Over the last couple of years I've been learning Cocoa in fits and starts, never quite progressing as methodically or consistently as I'd planned. I'm hoping this blog category will be a way to get organized. I have a few books on Cocoa, including Aaron Hillegass' Cocoa Programming for Mac OS X which I'll work through first.

I am not a programmer by trade (my background is in human-computer interaction). I did some elementary computer programming as part of my undergraduate study; and, later, a couple of C language courses through continuing studies. I've always skirted around the edges of "real" programming, from tentative dabbling with BASIC on my Apple II to pseudo-languages like SuperCard and Prograph. I've done some PHP; and I'm fairly adept at XHTML/CSS, but that's not programming.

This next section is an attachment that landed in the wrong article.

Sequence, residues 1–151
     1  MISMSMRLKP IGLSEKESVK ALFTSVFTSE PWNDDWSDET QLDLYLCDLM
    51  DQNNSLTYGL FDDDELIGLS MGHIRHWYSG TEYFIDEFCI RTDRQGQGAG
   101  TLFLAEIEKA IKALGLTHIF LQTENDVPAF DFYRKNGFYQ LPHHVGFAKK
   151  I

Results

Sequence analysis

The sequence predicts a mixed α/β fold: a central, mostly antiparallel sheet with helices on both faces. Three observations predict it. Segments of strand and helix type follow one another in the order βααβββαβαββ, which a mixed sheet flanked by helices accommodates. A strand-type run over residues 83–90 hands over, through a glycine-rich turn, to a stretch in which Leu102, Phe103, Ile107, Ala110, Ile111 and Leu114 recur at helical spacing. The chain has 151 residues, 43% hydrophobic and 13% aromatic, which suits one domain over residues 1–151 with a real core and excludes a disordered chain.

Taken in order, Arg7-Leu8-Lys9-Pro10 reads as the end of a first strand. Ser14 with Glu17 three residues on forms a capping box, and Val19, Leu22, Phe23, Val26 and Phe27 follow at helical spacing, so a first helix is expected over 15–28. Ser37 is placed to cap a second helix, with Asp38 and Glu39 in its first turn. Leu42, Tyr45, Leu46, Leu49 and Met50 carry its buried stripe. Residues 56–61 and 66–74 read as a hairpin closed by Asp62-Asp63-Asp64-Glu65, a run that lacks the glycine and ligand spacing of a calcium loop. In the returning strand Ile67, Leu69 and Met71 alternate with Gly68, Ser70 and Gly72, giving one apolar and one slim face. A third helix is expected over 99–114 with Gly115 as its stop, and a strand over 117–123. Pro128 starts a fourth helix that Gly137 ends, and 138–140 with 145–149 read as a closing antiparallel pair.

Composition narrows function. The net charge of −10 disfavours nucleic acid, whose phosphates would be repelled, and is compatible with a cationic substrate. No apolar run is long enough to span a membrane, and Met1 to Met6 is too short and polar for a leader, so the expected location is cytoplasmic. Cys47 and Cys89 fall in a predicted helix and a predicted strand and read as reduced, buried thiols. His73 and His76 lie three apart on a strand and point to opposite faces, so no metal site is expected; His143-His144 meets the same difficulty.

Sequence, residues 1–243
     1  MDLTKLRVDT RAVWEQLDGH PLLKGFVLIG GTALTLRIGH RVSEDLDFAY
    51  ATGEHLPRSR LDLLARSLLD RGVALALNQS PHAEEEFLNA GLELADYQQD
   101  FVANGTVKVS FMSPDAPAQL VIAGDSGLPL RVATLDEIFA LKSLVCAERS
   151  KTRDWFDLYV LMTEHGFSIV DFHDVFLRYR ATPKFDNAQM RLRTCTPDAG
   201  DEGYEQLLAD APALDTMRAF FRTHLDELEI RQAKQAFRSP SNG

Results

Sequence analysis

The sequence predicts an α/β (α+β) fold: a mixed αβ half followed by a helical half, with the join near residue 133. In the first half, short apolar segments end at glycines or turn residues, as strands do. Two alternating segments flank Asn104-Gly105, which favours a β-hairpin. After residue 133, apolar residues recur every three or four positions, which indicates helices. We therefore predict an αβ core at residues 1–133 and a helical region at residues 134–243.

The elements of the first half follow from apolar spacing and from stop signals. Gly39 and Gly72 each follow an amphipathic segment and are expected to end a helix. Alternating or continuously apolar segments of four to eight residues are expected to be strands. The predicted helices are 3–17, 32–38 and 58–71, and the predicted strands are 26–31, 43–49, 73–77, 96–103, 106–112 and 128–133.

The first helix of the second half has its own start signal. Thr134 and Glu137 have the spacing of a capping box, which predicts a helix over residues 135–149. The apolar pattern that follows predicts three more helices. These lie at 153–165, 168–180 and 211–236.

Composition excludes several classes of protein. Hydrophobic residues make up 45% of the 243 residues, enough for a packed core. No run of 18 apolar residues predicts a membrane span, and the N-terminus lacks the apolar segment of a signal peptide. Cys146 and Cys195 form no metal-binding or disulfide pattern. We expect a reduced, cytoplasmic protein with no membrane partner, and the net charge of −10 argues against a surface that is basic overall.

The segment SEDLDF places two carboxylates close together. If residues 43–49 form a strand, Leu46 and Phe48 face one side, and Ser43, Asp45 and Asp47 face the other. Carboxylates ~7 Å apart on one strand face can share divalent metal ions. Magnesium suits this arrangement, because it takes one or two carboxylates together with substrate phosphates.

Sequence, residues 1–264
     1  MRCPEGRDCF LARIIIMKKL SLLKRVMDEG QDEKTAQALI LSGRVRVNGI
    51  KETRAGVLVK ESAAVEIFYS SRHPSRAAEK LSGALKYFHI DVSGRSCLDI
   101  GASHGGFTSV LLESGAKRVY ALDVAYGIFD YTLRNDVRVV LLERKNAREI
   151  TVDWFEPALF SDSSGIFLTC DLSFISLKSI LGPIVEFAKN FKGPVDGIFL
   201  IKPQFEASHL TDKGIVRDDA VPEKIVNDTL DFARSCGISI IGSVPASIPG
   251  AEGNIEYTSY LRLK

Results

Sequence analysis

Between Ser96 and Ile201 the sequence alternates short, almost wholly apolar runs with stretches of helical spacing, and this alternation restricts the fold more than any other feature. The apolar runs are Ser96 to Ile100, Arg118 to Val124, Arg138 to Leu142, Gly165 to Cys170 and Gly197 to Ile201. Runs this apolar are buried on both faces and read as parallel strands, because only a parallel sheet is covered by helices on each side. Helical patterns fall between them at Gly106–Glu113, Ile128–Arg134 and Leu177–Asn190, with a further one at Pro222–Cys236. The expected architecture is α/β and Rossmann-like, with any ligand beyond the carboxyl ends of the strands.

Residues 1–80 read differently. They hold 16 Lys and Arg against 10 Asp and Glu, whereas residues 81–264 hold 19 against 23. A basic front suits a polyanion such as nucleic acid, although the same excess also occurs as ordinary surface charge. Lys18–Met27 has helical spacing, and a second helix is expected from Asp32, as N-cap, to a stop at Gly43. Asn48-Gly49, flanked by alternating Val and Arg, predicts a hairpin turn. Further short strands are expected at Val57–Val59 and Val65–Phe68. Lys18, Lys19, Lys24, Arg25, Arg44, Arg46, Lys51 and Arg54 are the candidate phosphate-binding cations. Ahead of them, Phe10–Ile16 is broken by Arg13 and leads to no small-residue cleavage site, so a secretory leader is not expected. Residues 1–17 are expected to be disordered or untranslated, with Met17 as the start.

I became frustrated with these high-level languages in that I was always dependent on the vendor to provide or add access to the areas of the operating system framework or toolkit in which I was interested. AppleScript Studio looks interesting but suffers from the same problem, even though it's from Apple. Perhaps most importantly, Cocoa lowers the barrier to entry for "real" programming; is the mature primary toolkit for Mac OS X so is very likely to survive and evolve; and is more of a "hard skill."

However, even the books written for relative novices, such as Hillegass' and Cheesman's, are missing a certain beginner perspective. I find I have a fair number of unanswered questions. There are some things that seemed to have fallen through the cracks, somewhere between assumptions about C language basics and some smaller, immediate practical applications of Cocoa. Of course, all of these books make certain assumptions about ability and prior knowledge. However, taking the C language example, I don't think it would have been difficult to have included a few simple "how and why" (or "why not") notes.

Cocoa Week 2: Conversion Methods and Data

August 22nd, 2006